To find out whether you need a licence for your product you should first identify its commodity code. A full list of commodity codes is available in volume 2 of the UK Integrated Tariff.

Find commodity codes and other measures applying to imports and exports by accessing our online UK Trade Tariff tool.

Tariff quotas

Trading schemes throughout the EU exist to control the import and export of certain goods with the aim of boosting business opportunities for member states. Tariff quotas are an EU mechanism for importing limited supplies of specific goods at a reduced or nil rate of customs duty. When the quota runs out, the duty rate returns to normal. When you claim a quota, you can reduce your customs duty, agricultural levies and/or Common Agricultural Policies charges.

The limits in a quota can be set on the quantity, value, volume or weight of the goods, or the time period over which it operates.

Non-licence quota duty reductions are given out on a first-come, first-served basis. Quotas are administered in the UK by the Central Tariff Quota Unit. Find out about EU quota balances and check currently available tariff shares on the Europa website. To make a claim for a tariff quota share you may require an EUR1, GSP form A, or ATR Preference Certificate. You may need to provide financial security if the quota is nearing exhaustion.

Find detailed information about tariff quotas on the HMRC website.

Working with import and export preferences

Take advantage of schemes that allow you to import or export at low or nil rates of duty. The EU has a range of preferential trade agreements with third countries, ie countries outside the EU. The agreements enable trading at a reduced rate of duty, or duty-free. To take part in one of these schemes you must ‘claim a preference’.

Import preferences allow a wide range of products from outside the EU to be imported into the EU at a reduced or nil rate of duty. See the guide on importing and exporting using trade preferences.

Export preference arrangements also exist with a number of third countries which in turn grant preferential rates of duty to goods originating in the EU. Read about European Community Preferences: Export Procedures in Notice 827 on the HMRC website.

For you to qualify for import and export preference schemes, your products must comply with strict rules of origin. For more information, read the guide on rules of origin.

Types of preference scheme

There are two types - autonomous or non-reciprocal, such as the Generalised System of Preferences (GSP), and reciprocal, such as the agreements between the EU and South Africa, Chile, Mexico, Mediterranean countries and European Free Trade Association.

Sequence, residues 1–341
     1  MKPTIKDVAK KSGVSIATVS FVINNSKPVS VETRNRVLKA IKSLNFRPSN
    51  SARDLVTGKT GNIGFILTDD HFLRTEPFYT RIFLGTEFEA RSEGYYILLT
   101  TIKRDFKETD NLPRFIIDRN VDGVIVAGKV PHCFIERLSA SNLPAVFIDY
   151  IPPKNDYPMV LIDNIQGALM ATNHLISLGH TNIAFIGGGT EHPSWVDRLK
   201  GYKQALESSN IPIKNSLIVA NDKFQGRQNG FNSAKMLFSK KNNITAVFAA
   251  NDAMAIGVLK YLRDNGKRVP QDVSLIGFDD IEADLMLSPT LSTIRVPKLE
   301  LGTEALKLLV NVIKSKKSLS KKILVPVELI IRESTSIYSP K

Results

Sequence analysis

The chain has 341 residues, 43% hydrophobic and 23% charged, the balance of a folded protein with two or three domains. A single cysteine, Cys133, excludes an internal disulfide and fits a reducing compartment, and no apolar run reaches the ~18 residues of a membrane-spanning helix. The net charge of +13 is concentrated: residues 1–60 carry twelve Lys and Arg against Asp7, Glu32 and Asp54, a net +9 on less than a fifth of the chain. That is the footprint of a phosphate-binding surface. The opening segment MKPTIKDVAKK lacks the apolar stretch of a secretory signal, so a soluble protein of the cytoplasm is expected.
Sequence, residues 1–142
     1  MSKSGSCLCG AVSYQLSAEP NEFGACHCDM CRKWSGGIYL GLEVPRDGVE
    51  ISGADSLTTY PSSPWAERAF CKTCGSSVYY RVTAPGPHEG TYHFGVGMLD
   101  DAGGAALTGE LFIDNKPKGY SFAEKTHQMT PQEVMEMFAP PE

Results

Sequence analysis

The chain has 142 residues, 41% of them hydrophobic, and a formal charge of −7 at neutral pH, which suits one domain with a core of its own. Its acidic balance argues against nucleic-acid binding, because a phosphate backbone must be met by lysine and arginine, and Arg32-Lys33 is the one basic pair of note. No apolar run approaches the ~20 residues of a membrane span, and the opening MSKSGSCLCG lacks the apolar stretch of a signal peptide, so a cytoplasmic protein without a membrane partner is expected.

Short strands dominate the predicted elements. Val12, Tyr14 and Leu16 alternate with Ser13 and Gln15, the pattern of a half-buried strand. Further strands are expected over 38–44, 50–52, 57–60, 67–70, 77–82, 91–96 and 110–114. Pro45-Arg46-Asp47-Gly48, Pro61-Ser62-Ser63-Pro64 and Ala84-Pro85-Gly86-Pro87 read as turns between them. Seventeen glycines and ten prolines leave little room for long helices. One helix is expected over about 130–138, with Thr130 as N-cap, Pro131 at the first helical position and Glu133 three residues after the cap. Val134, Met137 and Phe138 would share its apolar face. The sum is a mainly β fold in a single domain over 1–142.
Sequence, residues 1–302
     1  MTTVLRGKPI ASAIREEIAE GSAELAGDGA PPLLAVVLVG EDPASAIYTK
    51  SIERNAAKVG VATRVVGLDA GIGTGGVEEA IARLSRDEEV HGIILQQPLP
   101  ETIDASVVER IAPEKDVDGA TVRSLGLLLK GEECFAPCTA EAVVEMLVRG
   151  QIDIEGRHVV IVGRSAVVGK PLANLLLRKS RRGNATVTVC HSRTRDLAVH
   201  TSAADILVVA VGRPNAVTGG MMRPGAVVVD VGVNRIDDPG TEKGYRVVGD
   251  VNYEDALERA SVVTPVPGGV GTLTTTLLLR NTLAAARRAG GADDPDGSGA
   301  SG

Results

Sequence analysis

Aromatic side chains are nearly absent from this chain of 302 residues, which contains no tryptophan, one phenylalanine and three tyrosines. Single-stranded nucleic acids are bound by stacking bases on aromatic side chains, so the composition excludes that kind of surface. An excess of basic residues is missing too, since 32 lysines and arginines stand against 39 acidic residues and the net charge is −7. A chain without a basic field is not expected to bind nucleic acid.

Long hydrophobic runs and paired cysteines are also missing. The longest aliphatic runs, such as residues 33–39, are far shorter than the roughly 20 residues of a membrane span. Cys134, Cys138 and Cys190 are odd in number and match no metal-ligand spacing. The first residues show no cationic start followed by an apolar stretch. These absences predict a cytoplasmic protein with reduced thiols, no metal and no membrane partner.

To claim a preference, you’ll need to prove the origin of your goods using one of these forms:

Specifically worded origin declarations and invoices or other commercial documents can be issued or presented for low-value consignments in both the autonomous and reciprocal arrangements. Certain reciprocal preference arrangements also allow approved exporters to issue invoice declarations for consignments of any value.

Protecting your intellectual property rights

It is important that you protect your intellectual property (IP) and take action if you suspect someone is infringing your rights.

IP legislation exists to protect your intellectual property, whether it is a patent, design, trade mark or copyright. It prevents anyone from profiting from your IP, whether in the UK or abroad. The legislation also aims to protect the public from fake products which endanger their health and safety, or from being misled.

In order for action to be taken to protect your IP rights, you must first of all make sure that you have registered them. The Intellectual Property Office has produced a supply chain toolkit containing advice on how to protect your intellectual property rights. It also contains guidance on the steps you should take if you discover counterfeit goods in your supply chain. Download the supply chain toolkit from the Intellectual Property Office (IPO) website (PDF, 349KB).

HMRC can help you if you suspect your business identity and products are being abused.

Goods considered as infringing IP in international trade include:

  • counterfeit goods - incorporating any symbol, goods or packaging carrying or portraying a trade mark without authorisation
  • pirated goods - copies made without the consent of the copyright holder
  • patent-infringing goods - cover infringements of a patent under UK law
  • national or community plant variety right - covers infringements of plant varieties under UK and EU law
  • designations of origin or geographical indications infringing goods

If you suspect that goods arriving in the UK are infringing your IP rights, you can submit a National Intellectual Property Rights Application and HMRC will take action. If the IP right in question needs protecting in two or more EU member states, use Community Intellectual Property Rights Application.

In both cases, you must prove you hold the rights to use the IP you are asking HMRC to protect. Find downloadable versions of the National and Community Intellectual Property Rights Application forms on the Europa website.

If HMRC rejects your application you are entitled to an explanation and a request for further investigation. Read about procedures for IP rights infringements on the HMRC website.

Government departments and sources of help

This page lists the main sources of help for traders, including how to get help with legislation and duty queries, and how to find advice on beneficial trading schemes and licences.

HMRC can answer many queries related to legislation, the Tariff, quotas, intellectual property and preferential trading schemes. Contact the HMRC VAT Helpline on Telephone: 0845 010 9000.

If you have specific queries about getting a trade licence, permit or certificate for a particular product, you must contact the relevant government department.

Further information

British Chambers of Commerce

Telephone: 024 7669 4484

Defra helpline

Telephone: 08459 33 55 77